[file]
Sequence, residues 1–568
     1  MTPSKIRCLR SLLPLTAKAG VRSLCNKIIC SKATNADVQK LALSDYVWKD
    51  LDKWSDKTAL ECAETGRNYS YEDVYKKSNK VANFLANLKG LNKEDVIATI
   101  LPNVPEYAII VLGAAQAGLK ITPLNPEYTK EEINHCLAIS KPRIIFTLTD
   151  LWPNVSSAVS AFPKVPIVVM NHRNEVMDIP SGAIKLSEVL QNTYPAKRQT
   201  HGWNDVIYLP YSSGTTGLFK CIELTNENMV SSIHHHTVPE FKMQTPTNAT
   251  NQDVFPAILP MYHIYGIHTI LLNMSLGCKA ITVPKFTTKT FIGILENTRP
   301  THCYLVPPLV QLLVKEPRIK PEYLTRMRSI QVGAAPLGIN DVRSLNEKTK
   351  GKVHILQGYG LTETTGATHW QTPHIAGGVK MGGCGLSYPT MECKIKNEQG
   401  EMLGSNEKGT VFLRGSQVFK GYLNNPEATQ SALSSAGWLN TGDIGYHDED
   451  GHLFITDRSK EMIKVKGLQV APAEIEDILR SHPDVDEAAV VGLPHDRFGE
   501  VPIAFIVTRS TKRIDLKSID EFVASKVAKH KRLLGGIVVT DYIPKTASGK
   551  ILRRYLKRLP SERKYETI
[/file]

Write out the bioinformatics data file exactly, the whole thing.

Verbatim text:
Sequence, residues 1–568
     1  MTPSKIRCLR SLLPLTAKAG VRSLCNKIIC SKATNADVQK LALSDYVWKD
    51  LDKWSDKTAL ECAETGRNYS YEDVYKKSNK VANFLANLKG LNKEDVIATI
   101  LPNVPEYAII VLGAAQAGLK ITPLNPEYTK EEINHCLAIS KPRIIFTLTD
   151  LWPNVSSAVS AFPKVPIVVM NHRNEVMDIP SGAIKLSEVL QNTYPAKRQT
   201  HGWNDVIYLP YSSGTTGLFK CIELTNENMV SSIHHHTVPE FKMQTPTNAT
   251  NQDVFPAILP MYHIYGIHTI LLNMSLGCKA ITVPKFTTKT FIGILENTRP
   301  THCYLVPPLV QLLVKEPRIK PEYLTRMRSI QVGAAPLGIN DVRSLNEKTK
   351  GKVHILQGYG LTETTGATHW QTPHIAGGVK MGGCGLSYPT MECKIKNEQG
   401  EMLGSNEKGT VFLRGSQVFK GYLNNPEATQ SALSSAGWLN TGDIGYHDED
   451  GHLFITDRSK EMIKVKGLQV APAEIEDILR SHPDVDEAAV VGLPHDRFGE
   501  VPIAFIVTRS TKRIDLKSID EFVASKVAKH KRLLGGIVVT DYIPKTASGK
   551  ILRRYLKRLP SERKYETI